The primary study endpoints were the proportion of patients achieving a viral load <50 copies/mL at the end of the induction and maintenance periods, and change from baseline in CD4+ count and safety/fasting lipid profile at these time points. Viral load (HIV-1 RNA) and CD4+ were measured at baseline (week 0), weeks 4, 12, 16, 20, 24 and 28 (induction period), and at weeks 32, 40, 48, and 52 (maintenance period) using the Roche Amplicor MONITOR Ultrasensitive assay (version 1.5; LLOQ 50 copies/mL) (Roche Diagnostics, Branchburg, New Jersey) and HIV-1 MONITOR Version 1.0 polymerase chain reaction assay (LLOQ, 400 copies/mL) (Roche, Nutley, New Jersey). Virologic failure was said to occur, and require the patient discontinuing their study treatment regimen, if viral load remained >200 copies/ mL at induction-week 24 or if there were two consecutive viral load levels of ³1000 copies/mL observed within a 1- to 2-week period after at least two consecutive (separated by 1-2 weeks) viral load values of <200 copies/mL). CD4+ T lymphocyte cell count was assessed by flow cytometry.

Patients were monitored for adverse events, laboratory abnormalities, and any HIV-related illnesses at baseline (week 0) and weeks 4, 12, 16, 20, 24, 28, 32, 40, 48, and 52. NMR (LipoMed Inc., Cambridge, Massachusetts) was used to measure the quantity and size of LDL, HDL, IDL, and VLDL/chylomicron particles at baseline, week 28 (end of induction), and week 52 (end of maintenance). Adherence was assessed by pill count (pills counted in returned vials of study medication) by the study site personnel at each patient visit and by patient self-report. Statistics were primarily descriptive in the observed population, and included change from baseline in viral load, CD4+ count, lipids, and lipoproteins, and tabulation of adverse events and abnormal laboratory values. A Fisher exact test was performed to compare the total adverse event incidence at week 28 of the induction regimen with that at week 24 of the maintenance regimen (week 52 of study). A P value of <0.05 for this comparison was considered statistically significant.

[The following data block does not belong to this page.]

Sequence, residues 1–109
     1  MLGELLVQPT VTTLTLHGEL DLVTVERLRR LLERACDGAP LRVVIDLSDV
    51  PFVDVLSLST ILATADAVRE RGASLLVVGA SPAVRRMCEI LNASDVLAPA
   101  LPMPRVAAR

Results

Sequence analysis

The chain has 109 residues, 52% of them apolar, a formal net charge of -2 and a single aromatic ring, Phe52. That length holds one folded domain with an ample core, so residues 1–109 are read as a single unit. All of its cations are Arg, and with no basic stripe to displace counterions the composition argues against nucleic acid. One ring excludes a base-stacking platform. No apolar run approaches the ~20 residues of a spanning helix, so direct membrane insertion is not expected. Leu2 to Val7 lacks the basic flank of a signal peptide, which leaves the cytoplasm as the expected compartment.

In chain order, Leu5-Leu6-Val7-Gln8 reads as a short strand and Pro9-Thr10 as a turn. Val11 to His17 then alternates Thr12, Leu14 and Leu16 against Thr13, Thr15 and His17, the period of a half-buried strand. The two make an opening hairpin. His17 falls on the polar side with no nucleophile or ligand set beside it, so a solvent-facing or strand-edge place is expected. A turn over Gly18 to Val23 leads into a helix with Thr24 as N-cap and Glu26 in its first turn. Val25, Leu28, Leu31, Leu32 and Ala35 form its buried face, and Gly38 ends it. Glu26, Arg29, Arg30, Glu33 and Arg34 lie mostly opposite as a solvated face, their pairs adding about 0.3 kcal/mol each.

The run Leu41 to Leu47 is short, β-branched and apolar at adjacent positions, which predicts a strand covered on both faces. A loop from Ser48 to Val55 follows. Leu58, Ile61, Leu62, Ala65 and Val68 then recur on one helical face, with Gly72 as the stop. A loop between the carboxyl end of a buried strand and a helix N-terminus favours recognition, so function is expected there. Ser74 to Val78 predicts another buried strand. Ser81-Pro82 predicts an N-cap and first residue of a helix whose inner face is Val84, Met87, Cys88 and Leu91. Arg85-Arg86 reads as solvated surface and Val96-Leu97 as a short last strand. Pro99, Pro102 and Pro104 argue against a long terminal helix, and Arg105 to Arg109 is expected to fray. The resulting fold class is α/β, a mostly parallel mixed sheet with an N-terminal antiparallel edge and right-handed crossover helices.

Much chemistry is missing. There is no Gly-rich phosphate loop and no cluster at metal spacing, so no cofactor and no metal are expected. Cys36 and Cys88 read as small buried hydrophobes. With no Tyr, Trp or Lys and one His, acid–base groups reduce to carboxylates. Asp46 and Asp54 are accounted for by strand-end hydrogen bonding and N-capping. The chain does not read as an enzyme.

3. Results

3.1. Patient Characteristics

The baseline characteristics of the patient population are shown in Table 1. Fifteen patients completed the 28- week induction phase, and 12 completed both the induction and maintenance study phases. Fourteen patients

Table 1. Characteristics of the study population.

prematurely discontinued due to loss to follow-up (6), protocol violation (4), moving away (2), or suspected abacavir-related hypersensitivity reaction (2).

3.2. Efficacy

In the 15 patients who completed the induction phase, 11 (73%) had a viral load <50 copies/mL and 12 (80%) a viral load of <400 copies/mL at induction-week 28. In the 12 completers of both treatment phases, 10 (83%) patients had a viral load level <50 copies/mL (Figure 1(a)) and 11 (92%) a viral load of <400 copies/mL by maintenance-week 24 (Figure 1(b)). CD4+ count increased from a baseline median of 110/mm3, to 292/mm3 at induction-week 28, and finally to 296/mm3 at maintenance-week 24 (Figure 1(c)).


Figure 1. Change in viral load with respect to proportion of patients achieving HIV-1 RNA <50 copies/mL (a) and <400 copies/mL (b); Change in CD4+ cell count is shown in (c).

3.3. Safety